Western Australian nickel company, St George Mining Limited has announced that drilling of multiple strong electromagnetic (EM) conductors has commenced at its flagship Mt Alexander Project.
St George’s Mt Alexander Project is located 120 kilometres south-southwest of the Agnew-Wiluna belt which hosts numerous world-class nickel deposits. The project comprises five granted exploration licences – E29/638, E29/548, E29/962, E29/954 and E29/972.
The company has commenced diamond drilling of new, strong EM conductors at the Investigators and West End Prospects.
Drilling is underway to test the strongest of five off-hole EM anomalies identified from the DHEM survey in MAD185. This target is modelled with conductivity of 33,100 Siemens and predicted to be intersected at 340 metre downhole.
The second target to be drilled will be the strongest of the two off-hole anomalies identified from the DHEM survey in MAD192. That conductor is modelled with conductivity of 55,550 Siemens and predicted to be intersected at 505 metre downhole.
St George said these conductors have an electrical signature consistent with massive sulphides. The company noted that each of MAD185 and MAD192 intersected thick mafic-ultramafic units with disseminated nickel-copper sulphides – indicative of a fertile intrusive with prospectivity for higher-grade mineralisation proximal to the hole.
St George Mining’s Executive Chairman, John Prineas, commented: “We are excited to start drilling of these powerful conductors and look forward to reporting results as drilling progresses.”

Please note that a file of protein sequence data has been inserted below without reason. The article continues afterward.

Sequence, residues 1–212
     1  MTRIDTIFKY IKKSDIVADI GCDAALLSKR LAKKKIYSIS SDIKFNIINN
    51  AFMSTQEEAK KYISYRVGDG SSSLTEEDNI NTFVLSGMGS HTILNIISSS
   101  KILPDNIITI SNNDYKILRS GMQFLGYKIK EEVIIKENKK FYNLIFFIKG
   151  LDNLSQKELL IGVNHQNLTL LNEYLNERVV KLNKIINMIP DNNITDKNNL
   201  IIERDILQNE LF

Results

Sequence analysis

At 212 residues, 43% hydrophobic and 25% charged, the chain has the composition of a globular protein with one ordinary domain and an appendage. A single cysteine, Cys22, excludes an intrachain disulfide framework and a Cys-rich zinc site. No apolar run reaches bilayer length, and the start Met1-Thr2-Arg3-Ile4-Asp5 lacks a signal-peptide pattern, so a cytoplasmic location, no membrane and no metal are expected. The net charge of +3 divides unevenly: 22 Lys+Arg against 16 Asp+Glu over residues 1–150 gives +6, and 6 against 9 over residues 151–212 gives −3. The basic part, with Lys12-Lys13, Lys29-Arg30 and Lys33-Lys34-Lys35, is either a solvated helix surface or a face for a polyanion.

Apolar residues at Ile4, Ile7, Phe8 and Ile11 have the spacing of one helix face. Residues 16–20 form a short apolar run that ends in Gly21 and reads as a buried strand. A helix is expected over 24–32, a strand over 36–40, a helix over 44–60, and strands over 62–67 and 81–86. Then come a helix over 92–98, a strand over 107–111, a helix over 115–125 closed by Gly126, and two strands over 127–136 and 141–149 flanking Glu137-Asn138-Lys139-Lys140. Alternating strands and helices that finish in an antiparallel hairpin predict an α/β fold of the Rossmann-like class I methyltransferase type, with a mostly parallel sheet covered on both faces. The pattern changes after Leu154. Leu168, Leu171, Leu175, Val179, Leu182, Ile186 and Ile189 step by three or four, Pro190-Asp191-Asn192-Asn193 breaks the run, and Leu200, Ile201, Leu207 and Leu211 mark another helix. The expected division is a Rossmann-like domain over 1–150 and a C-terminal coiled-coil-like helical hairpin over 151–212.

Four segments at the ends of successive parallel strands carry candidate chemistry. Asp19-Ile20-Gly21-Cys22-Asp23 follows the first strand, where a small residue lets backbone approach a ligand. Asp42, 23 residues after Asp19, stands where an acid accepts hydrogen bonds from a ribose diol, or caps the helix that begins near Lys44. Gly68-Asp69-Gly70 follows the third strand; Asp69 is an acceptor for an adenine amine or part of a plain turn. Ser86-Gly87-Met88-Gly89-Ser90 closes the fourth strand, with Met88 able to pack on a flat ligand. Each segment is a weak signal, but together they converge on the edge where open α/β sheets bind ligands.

The company has also completed the drilling of metallurgical holes at the Stricklands Prospect. Seven diamond core (PQ-size) holes were drilled to provide samples of mineralisation for test work currently underway with XPS in Canada.
A total of 483.2 metres was drilled for these metallurgical holes – STD009, STD010, STD011, STD012, STYD013, STD014 and STD015. All drill holes were located within the existing resource envelope for Stricklands with abundant nickel-copper sulphides intersected for the required test work. The high-grade samples are now being prepared for transport to Canada.
“The thick nickel-copper sulphides at shallow depths intersected by the met holes is a reminder of the excellent high-grade mineralisation at Stricklands and its potential to support a robust starter mine,” he said.
“Our regional exploration is also progressing well, with potential for this work to deliver new nickel-copper sulphide targets across the broader tenement package.”
“With the nickel price continuing to rise, nickel demand for the EV market growing and a dearth of high-grade nickel sulphide exploration success across Australia, Mt Alexander is well-positioned to attract attention from investors looking for significant new high-grade nickel sulphide discoveries,” Mr Prineas concluded.